Class participants should also start gathering bits and pieces -- plain & decorative tissue papers, thin pieces of bark, such as birch, nature photographs and nature magazines, used printer paper (blank on one side). Your book should be a hard cover, and of a good quality paper. Do not choose a very old book.

To visit my Flickr Altered Book Sets click here. And here.

Monday, January 25, 2010

Knitted Camera Cozy

Well, this blog has been silent for FAR TOO LONG! My fault really - Mom has been ridiculously busy moving and, well, Carolyn always has a full plate. Oh, and my computer died a horrible death, taking many pictures saved on my hard drive with it to the "other side". So, here I am with a new laptop and a little contribution to get my blogging skills warmed back up. Many more fun things to follow.

My parents move had a great perk for me - it allowed me to buy a digital camera! Hurray - thanks Mom and CC. But, of course, it needed a cozy. 'Cuz I can wrap just about anything in yarn :). My yarn drug of choice - Malabrigo - fiber crack. Amazing colors, the softest, softest stuff. I used their Lace baby merino for this project - it was already in my stash. Found a lovely free pattern on Ravelry - thanks Janelle! I think that's enough hyperlinks for one post...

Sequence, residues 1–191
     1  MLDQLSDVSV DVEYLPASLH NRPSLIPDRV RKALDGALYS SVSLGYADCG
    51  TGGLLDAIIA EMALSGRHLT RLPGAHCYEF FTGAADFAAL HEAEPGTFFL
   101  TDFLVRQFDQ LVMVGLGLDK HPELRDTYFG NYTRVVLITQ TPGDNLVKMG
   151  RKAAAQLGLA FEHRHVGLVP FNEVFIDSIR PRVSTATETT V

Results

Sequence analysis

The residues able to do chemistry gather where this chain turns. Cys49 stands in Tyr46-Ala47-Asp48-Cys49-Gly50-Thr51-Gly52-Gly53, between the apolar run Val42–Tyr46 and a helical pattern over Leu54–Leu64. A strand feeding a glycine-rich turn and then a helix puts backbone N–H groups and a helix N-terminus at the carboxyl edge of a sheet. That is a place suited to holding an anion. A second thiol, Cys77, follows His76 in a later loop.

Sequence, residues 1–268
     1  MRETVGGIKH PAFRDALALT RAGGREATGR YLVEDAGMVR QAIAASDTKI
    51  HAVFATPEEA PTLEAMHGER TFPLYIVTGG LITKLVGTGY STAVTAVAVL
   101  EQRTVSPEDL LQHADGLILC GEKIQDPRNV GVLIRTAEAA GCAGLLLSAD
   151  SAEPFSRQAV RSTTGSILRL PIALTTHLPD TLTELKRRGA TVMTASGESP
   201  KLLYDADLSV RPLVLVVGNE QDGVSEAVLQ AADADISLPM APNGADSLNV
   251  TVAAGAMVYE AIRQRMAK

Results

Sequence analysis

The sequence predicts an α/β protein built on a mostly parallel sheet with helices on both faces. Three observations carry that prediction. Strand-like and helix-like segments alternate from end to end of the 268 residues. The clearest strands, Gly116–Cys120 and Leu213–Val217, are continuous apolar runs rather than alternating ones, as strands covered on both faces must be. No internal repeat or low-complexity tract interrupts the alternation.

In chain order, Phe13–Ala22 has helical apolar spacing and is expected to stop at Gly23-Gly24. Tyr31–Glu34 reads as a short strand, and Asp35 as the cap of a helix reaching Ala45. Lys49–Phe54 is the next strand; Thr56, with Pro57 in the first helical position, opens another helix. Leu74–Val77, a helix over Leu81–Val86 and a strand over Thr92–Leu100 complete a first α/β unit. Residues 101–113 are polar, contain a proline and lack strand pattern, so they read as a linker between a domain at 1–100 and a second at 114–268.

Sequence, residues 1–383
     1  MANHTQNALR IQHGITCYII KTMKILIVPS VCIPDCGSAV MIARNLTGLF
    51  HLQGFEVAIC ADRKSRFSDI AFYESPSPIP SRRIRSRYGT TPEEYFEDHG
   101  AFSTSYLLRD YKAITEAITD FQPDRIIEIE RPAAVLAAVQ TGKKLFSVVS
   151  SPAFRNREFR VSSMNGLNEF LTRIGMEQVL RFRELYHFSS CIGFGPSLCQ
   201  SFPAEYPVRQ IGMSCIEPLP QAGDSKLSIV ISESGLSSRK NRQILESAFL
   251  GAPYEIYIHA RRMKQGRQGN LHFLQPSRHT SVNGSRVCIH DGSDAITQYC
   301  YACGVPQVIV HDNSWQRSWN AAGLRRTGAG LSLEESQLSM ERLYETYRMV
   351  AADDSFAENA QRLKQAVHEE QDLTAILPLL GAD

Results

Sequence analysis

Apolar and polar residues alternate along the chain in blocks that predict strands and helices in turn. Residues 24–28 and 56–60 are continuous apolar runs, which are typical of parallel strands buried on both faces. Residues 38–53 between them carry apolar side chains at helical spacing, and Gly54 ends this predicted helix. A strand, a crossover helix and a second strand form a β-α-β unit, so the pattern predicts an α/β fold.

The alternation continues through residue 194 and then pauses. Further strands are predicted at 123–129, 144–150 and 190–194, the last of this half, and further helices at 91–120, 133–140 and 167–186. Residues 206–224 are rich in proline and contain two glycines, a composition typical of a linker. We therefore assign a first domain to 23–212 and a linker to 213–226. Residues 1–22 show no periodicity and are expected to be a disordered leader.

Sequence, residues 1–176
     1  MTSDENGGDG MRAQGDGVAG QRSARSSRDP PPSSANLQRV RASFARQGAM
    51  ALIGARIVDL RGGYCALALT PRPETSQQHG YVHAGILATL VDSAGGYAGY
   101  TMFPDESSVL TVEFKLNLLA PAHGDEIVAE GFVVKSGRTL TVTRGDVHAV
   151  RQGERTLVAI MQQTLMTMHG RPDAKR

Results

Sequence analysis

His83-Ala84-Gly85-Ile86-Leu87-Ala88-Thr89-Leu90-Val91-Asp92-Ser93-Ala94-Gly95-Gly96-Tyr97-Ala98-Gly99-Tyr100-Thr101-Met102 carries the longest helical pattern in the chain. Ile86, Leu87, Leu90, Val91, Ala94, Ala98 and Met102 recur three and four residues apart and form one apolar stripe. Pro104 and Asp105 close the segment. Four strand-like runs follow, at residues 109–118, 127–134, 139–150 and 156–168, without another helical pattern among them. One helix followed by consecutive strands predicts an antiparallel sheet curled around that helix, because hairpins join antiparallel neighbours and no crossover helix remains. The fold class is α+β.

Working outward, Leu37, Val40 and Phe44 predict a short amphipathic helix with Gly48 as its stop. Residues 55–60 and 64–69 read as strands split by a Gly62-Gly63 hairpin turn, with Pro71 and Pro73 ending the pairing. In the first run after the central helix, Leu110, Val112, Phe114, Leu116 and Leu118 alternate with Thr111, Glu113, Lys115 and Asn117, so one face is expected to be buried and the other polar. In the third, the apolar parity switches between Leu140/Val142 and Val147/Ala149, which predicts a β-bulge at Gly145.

Here's the finished project:

Funny thing: when you make a camera cozy, you can't take a picture of it on your camera. It's a Schrodinger's cat sort of thing. Just trust me when I say it fits perfectly. It's for a Canon SD1200 - I held the yarn double and cast on 28 sts on size 2 needles and increased to 36 sts per the pattern. I switched to size 1 needles for 10 rows of ribbing. Ta-da! Now, to use the camera on my Winter Train Adventure - pictures to be posted on the WEBBLOG next month! Last hyperlink, I swear...